(Note: This post was written several months ago, but I just found it unpublished in my draft folder. Since it remains very much the story of our daily lives, I'm just going to post it now!)
As I sit at my dining room table, I have a view through three windows overlooking my front yard. It's a great perch from which to watch the activity of my neighborhood. As the twilight sets in, I've counted a dozen couples strolling by, walking dogs, pushing strollers. A typical occurrence most evenings around here.
Another typical sight (just a little less idyllic) is happening even as I type these words. The background noise is a symphony of semi-automatic air soft weapons being unloaded and the sight of ninja-like long-legged boys belly-crawling through my azaleas.
Nestled in a three-house triangle, we are the neighbors responsible for 7 boys ranging in ages from 8 to 15 years old. It is loud, smelly, dangerous and delightfully entertaining around here. As parents, we all agree that we are grateful these young men are far more interested in outdoor games than gaming systems, but there IS a trade-off when you unleash this herd on our suburban streets.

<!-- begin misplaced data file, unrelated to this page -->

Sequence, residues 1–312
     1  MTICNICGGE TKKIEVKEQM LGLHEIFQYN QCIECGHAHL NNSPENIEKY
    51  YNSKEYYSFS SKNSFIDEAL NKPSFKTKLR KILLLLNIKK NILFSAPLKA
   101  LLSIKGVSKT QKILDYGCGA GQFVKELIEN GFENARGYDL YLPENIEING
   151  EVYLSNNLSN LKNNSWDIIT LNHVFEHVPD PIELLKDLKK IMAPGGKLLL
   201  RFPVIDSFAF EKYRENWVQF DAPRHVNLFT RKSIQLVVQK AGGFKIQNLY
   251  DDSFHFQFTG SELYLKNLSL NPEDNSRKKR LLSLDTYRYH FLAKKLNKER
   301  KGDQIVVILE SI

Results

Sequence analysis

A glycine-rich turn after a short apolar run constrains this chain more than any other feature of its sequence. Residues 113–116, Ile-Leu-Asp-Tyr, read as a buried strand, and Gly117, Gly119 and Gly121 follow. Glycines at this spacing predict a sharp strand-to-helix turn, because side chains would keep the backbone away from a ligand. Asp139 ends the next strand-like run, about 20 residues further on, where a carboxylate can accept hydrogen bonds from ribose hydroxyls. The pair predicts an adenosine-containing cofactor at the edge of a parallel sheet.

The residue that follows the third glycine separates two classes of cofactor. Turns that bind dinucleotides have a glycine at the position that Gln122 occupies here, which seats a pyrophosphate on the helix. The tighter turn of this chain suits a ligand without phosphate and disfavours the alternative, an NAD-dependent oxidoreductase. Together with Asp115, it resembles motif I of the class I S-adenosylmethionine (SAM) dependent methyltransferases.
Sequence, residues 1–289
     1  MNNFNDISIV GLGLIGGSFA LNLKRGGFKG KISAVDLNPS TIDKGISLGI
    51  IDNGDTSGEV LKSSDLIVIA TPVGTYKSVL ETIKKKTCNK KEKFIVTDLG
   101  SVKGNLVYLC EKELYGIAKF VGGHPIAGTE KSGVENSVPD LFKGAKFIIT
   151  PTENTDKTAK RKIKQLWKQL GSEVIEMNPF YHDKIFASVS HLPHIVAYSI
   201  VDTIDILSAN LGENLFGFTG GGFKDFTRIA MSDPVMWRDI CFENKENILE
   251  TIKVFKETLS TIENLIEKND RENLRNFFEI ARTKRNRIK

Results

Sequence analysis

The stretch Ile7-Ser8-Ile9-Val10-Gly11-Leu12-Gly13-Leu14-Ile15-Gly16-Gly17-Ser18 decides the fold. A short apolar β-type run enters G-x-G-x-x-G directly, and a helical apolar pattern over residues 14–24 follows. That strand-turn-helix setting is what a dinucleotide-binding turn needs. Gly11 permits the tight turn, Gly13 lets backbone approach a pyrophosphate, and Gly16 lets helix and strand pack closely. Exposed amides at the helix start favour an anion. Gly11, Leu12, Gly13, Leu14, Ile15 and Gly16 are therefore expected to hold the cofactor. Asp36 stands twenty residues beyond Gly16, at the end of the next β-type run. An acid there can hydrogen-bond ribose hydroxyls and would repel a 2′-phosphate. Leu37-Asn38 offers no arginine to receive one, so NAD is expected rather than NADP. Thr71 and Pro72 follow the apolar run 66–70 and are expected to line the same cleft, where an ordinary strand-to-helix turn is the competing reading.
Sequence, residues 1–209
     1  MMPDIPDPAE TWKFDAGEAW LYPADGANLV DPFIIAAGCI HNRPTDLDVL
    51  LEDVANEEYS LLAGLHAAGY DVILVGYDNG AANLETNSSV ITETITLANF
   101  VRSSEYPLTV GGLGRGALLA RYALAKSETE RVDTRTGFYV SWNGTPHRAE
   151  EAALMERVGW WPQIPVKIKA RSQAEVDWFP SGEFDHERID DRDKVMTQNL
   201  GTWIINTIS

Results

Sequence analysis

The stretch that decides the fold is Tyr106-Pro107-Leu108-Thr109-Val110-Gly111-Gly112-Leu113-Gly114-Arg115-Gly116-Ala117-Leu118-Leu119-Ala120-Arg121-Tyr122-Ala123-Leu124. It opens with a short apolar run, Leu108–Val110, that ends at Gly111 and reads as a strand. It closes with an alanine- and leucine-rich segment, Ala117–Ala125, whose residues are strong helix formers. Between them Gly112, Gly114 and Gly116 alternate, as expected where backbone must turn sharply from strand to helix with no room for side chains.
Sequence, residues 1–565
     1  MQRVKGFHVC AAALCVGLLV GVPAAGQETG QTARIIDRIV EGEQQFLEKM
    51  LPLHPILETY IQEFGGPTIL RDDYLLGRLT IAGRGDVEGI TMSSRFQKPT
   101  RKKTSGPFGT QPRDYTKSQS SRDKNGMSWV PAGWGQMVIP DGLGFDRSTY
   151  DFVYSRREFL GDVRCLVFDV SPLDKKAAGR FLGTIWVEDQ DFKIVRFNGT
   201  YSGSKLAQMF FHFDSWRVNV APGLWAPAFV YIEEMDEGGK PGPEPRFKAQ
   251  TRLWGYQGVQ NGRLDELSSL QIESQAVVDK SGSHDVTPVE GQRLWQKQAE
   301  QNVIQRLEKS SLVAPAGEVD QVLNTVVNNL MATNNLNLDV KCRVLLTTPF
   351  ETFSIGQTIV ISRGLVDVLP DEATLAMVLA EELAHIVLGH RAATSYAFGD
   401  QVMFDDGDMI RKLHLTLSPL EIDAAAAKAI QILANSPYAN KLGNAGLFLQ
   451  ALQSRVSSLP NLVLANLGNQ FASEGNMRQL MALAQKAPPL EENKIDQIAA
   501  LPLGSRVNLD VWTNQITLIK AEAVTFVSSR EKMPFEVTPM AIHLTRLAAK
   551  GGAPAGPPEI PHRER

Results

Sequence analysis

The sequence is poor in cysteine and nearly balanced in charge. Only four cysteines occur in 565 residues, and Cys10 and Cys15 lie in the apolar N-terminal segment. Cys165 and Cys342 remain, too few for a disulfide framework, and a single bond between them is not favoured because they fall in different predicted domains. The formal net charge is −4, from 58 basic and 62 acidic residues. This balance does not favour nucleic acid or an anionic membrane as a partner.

For instance, I question my personal safety more often when I'm, say, going out to check the mail. I usually call out some sort of "CEASE FIRE" warning when I leaved the covered safety of my front porch overhang. The rustling of the hedges indicates that I've been heard and am safe to retrieve my mail. Lately, Miss M has apparently been questioning her personal safety and has taken matters into her own hands.
|Safety Goggles? Check!|
|Outta the way, Miss M! Those safety glasses won't save you now!|
My role to keep my son safe from himself is diminishing as my husband's role of pushing him to the limits of his fears and reservations increases. I can certainly suggest that he shouldn't ride his bike down the street "with no arms and no legs, Mom!", but it's way more fun for him to watch YouTube videos with Dad about what amazing things you can do on your bike when your arms and legs are free from the burdens of steering and pedaling.
The day after they watched one of these videos, I received the following text from my husband:
"So I got run off the trail.
Now know what it feels like
to flip over handlebars!
I'm ok though - a little sore."
Yes, boys will be forever a mystery to me.